Louise's research focuses on the ecological effects of anthropogenic stressors, specifically environmental toxicants. Her work combines theoretical and empirical approaches to understand the effects of a toxicant on individual organisms, identify environmental and ecological feedbacks that impact toxicity, and ultimately extrapolate effects observed at the suborganismal or individual-level to the population-level. Her main focus is on freshwater systems and is interested in an array of compounds such as nanomaterials, PCBs, heavy metals and pesticides. Louise has developed dynamic quantitative models to both help design experiments and explain empirical results. The ultimate goal of her research is to accurately predict population-level effects of a stressor using suborganismal and individual-level data.
CA Murphy, RM Nisbet, P Antczak, N Garcia‐Reyero, A Gergs, K Lika, T Mathews, EB Muller, D Nacci, A Peace, CH Remien, IR Schultz, LM Stevenson, KH Watanabe. "Incorporating sub‐organismal processes into dynamic energy budget models for ecological risk assessment." Integrated environmental assessment and management (2018). DOI: 10.1002/ieam.4063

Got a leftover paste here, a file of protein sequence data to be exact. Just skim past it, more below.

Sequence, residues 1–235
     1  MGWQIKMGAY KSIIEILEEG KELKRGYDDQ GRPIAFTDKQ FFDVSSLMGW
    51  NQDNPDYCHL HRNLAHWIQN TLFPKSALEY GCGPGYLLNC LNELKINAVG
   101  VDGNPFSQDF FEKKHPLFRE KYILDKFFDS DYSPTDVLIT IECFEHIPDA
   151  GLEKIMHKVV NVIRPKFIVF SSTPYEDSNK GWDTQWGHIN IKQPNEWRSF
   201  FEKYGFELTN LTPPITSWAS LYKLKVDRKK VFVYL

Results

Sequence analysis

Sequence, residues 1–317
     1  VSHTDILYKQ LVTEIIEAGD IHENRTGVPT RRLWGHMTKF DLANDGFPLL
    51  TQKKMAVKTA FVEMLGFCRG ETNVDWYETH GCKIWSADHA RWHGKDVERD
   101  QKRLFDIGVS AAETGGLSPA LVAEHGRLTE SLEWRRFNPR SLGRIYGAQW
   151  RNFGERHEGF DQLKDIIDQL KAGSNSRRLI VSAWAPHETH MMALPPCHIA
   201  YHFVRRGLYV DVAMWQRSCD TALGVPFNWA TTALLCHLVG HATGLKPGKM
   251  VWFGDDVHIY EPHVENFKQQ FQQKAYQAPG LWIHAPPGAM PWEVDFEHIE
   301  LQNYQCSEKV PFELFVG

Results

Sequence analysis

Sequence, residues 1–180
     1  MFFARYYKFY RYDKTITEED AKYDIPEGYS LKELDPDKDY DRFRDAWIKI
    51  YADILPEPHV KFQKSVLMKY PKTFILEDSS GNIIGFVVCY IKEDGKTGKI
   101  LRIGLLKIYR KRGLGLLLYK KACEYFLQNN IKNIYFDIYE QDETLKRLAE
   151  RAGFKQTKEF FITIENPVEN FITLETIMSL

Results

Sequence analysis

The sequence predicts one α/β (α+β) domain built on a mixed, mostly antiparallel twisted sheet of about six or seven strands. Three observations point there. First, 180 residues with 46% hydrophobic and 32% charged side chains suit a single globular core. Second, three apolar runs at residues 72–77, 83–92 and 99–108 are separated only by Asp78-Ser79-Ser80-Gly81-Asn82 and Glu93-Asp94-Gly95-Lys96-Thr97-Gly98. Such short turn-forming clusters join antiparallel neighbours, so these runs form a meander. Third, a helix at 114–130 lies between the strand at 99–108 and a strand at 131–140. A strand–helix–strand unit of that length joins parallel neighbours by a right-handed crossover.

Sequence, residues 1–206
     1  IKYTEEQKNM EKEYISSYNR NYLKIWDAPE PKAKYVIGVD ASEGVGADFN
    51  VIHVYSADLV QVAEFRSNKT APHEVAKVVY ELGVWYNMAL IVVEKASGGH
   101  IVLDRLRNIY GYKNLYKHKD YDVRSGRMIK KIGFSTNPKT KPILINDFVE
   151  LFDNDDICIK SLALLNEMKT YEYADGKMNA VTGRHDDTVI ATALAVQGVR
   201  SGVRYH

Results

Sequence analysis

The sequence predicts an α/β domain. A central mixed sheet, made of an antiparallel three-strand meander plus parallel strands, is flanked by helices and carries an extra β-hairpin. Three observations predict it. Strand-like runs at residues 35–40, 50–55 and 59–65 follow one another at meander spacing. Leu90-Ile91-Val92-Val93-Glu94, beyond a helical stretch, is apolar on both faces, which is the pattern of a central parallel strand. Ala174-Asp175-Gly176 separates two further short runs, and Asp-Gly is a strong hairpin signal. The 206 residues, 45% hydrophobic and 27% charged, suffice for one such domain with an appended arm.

LM Stevenson, Adeleye, A. S., Su, Y., Zhang, Y., Keller, A. A., & Nisbet, R. M. (2017). Remediation of Cadmium Toxicity by Sulfidized Nano-Iron: The Importance of Organic Material. ACS Nano. DOI: 10.1021/acsnano.7b05970
LM Stevenson, KE Krattenmaker, E Johnson, AJ Bowers, AS Adeleye, E McCauley, and RM Nisbet. 2017. Standardized toxicity testing may underestimate ecotoxicity: Environmentally-relevant food rations increase the toxicity of ssilver nanoparticles to Daphnia. Environmental toxicology & chemistry, DOI: 10.1002/etc.3869.